The Senate Governmental Affairs Committee voted 6 for, 3 against and 1 abstention and passed SB 16 by Senator Phil Williams, (R – Cherokee), approving The Legislative Economy Act. If enacted, it would change the current procedures for the review and approval process for continuing scores of state boards, agencies and commissions. Currently, the Sunset Committee recommends individual bills to the Senate dealing with whether or not to continue each state entity in whole or in part. The bill would allow the Senate to vote on an omnibus sunset bill that includes entities that are to be continued as they are, together in a single bill. The bill sponsor stated, "We need to make better use of the 'legislative economy' that members must deal with: a limited time in which to make a lot of decisions." Minority party members have used the sunset process to stall legislation since the sheer number of boards, commissions and agencies having to be continued by Senate approval allows the overall legislative process to grind to a halt if just a few Senators want to use the process for unrelated matters. The committee's action sends the bill to the full Senate. If enacted, this legislation will reduce the amount of time spent listening to Senators "filibustering." 

In The Alabama House of Representatives

Returning to normal after a week dominated by winter weather, representatives passed several pieces of legislation:

HB 25, sponsored by Representative Kurt Wallace, (R – Maplesville), would limit liabilities for landowners who allow motorized, off-road vehicle activities on their properties. This bill was transmitted to the Senate where it was assigned to the Judiciary Committee.

HB 19, sponsored by Representative Paul DeMarco, (R – Homewood), would require the State Auditor to develop and maintain a searchable inventory database of all state personal property for each department and agency and is now in the Senate Fiscal Responsibility and Accountability Committee.

HB 20, sponsored by Representative Paul DeMarco, (R – Homewood), would require the Revenue Department to develop and maintain an inventory of all facilities and lands owned, leased, rented or maintained by any agency of the state.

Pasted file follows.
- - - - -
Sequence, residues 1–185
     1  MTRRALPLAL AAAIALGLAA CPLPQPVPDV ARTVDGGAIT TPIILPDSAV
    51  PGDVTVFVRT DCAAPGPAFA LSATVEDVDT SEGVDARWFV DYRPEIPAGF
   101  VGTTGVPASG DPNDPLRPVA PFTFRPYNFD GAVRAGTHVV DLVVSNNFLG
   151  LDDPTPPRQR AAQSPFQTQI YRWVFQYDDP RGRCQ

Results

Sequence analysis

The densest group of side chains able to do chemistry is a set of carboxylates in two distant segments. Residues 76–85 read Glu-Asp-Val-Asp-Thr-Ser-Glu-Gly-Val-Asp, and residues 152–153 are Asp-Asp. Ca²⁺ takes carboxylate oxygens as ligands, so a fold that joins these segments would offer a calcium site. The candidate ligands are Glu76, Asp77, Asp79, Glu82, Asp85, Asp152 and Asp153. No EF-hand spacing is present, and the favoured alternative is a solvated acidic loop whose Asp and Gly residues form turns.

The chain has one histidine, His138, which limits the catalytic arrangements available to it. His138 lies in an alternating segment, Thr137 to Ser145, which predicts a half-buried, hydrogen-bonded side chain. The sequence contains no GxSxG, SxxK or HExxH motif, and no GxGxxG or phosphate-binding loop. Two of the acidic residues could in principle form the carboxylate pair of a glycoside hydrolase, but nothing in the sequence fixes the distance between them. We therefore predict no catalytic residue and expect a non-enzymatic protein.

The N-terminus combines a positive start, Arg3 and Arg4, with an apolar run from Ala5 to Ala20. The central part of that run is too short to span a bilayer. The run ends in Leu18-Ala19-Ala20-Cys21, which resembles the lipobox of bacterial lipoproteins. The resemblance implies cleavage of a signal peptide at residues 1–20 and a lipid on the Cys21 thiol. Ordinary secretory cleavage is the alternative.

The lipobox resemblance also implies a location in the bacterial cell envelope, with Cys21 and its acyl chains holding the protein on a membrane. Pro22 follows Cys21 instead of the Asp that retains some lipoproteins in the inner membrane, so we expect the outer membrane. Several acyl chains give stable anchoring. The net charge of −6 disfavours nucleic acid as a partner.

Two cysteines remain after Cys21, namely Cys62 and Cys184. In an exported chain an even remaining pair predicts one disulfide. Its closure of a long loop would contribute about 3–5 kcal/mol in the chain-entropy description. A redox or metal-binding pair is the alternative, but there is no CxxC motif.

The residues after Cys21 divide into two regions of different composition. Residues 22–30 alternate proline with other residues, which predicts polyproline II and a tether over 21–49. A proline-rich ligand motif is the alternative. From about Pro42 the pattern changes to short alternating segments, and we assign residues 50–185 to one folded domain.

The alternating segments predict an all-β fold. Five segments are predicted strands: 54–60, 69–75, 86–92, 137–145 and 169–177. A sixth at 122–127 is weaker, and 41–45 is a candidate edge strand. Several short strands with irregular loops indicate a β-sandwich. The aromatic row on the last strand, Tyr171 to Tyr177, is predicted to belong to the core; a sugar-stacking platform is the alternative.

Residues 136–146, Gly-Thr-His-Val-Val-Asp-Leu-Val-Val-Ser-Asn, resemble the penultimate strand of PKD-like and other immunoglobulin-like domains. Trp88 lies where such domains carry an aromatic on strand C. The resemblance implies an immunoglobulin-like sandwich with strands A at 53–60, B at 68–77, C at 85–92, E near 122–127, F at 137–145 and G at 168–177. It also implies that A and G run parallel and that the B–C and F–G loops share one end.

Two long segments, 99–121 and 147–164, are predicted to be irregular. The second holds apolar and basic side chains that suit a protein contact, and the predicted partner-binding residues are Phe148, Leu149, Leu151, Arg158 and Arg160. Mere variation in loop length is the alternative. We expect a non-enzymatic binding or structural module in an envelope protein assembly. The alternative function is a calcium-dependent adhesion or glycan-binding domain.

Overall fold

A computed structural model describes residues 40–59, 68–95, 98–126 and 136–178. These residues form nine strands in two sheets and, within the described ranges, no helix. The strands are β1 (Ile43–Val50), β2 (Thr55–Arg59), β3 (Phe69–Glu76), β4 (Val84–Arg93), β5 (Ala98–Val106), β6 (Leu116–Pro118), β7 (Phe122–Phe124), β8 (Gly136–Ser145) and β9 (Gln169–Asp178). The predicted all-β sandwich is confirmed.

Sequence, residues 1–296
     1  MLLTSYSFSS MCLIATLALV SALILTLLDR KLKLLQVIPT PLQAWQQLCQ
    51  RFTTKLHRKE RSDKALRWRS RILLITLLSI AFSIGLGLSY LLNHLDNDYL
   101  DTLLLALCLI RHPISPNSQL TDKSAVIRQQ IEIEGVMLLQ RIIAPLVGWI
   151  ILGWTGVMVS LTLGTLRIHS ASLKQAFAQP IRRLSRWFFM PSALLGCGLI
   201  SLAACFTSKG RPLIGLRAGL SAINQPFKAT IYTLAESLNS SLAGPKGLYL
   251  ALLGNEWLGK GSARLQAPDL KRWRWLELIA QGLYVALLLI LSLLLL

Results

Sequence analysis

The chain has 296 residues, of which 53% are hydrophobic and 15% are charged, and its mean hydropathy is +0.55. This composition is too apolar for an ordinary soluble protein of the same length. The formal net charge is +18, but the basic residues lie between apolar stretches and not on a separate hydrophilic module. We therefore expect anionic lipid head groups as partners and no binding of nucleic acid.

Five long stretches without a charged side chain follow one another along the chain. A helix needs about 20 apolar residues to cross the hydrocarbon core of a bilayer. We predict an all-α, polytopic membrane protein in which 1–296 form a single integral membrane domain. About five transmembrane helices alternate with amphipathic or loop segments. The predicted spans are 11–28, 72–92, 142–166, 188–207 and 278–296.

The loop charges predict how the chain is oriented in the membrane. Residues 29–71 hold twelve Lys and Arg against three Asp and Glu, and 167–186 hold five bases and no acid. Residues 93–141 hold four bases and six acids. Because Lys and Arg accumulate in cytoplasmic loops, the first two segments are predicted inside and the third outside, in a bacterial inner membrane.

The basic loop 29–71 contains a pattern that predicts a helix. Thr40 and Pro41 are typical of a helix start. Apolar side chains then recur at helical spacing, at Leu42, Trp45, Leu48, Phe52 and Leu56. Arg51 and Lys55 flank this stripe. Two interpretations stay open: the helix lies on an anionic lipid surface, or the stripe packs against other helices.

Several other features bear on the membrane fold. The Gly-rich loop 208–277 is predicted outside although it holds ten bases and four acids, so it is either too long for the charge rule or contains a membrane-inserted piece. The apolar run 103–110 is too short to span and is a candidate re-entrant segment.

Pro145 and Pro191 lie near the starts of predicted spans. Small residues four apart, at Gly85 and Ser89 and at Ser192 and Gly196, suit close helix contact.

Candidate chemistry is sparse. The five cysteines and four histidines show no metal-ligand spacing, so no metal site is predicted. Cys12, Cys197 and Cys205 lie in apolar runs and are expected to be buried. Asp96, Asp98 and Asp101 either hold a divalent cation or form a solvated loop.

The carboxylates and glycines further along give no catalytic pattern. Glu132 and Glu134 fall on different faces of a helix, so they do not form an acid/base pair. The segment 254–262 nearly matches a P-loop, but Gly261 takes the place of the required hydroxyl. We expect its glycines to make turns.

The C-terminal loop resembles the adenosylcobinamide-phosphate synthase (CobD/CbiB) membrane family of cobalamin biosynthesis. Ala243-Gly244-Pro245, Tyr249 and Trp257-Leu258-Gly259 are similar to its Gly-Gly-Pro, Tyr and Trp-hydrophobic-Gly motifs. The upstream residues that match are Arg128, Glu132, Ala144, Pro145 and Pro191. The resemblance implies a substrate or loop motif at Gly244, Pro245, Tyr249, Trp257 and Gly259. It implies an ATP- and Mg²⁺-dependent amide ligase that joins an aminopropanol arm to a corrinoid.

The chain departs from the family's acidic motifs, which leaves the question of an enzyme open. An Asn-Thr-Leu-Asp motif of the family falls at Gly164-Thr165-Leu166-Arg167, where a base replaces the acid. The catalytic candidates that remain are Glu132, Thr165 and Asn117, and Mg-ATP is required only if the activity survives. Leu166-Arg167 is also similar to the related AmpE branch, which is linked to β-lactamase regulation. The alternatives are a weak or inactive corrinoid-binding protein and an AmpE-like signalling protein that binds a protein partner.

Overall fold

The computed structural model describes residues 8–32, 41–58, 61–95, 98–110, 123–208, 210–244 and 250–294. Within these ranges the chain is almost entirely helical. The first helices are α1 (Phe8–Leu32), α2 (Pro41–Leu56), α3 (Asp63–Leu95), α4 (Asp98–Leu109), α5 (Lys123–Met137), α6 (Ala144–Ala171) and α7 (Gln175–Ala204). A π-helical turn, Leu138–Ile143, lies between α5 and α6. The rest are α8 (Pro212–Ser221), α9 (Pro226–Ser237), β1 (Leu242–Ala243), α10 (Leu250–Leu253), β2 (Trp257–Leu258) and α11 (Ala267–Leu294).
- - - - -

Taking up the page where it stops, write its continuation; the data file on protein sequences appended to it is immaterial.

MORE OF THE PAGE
HB 93, sponsored by Representative Steve McMillan, (R – Bay Minette), would require animal shelters to report the total number of animals that have entered the facility and the disposition of the animals, and to make that report available to the public. The Senate Agriculture, Conservation and Forestry Committee will now consider this proposal.

HB 33, sponsored by Representative Bill Poole, (R – Northport), would authorize police to arrest someone without warrant under certain conditions for trespassing on the property of an education institution. The Senate Judiciary Committee will next act on this bill.

HB 26, sponsored by Representative Mary Sue McClurkin, (R – Pelham), proposes a Constitutional Amendment that would prohibit unfunded mandates for school boards unless enacted by a two-thirds vote of the Legislature. The Senate Constitution, Campaign Finance, Ethics and Elections Committee will now debate the bill. In the same week the House Education Policy Committee approved the Senate companion bill, SB 7 by Senator Dick Brewbaker, (R – Pike Road), and it is ready for full House action. Once either SB 7 or HB 26 is enacted, voters will see the Constitutional Amendment on their General Election ballot in November.

HB 71, sponsored by Representative Howard Sanderford, (R – Huntsville), would remove the requirement to publish certain lists of registered voters, inspectors, clerks and election notices in newspapers. The bill would also require that information be posted on the website of the county or Association of County Commissioners and that a display advertisement identifying where those lists and notices are available be published in the newspaper of general circulation in the county. If enacted, this proposal will save considerable taxpayer dollars being used to publish the information. The Senate Constitution, Campaign Finance, Ethics and Elections Committee will now debate the bill.

House Committee Action

The Alabama Future Workforce Initiative Act, HB 384 by Representative Mac Buttram, (R – Cullman) passed on a voice vote Thursday in the House Ways and Means Education Committee.  The legislation, that now goes to the full House for consideration, would authorize limited tax credits for personal or corporate donations to a dual-enrollment scholarship program for high school students who take career-technical courses at two-year schools. The legislation would cap the scholarship fund at $10 million, an amount that would allow 9,542 new students to participate in Alabama's dual-enrollment program. In 2013, only 2,100 students, or 6.7 percent of the eligible 31,500 students, could participate. Business Council of Alabama CEO Billy Canary issued a statement in support of the program during the public hearing on the bill, "Through career-technical dual enrollment, students are ready to transition seamlessly into Alabama's workforce in a high-paying, high-demand job – in less than two years," Canary said.  "Creating a scholarship program to increase the number of Alabama students who can participate in dual enrollment is a no-brainer."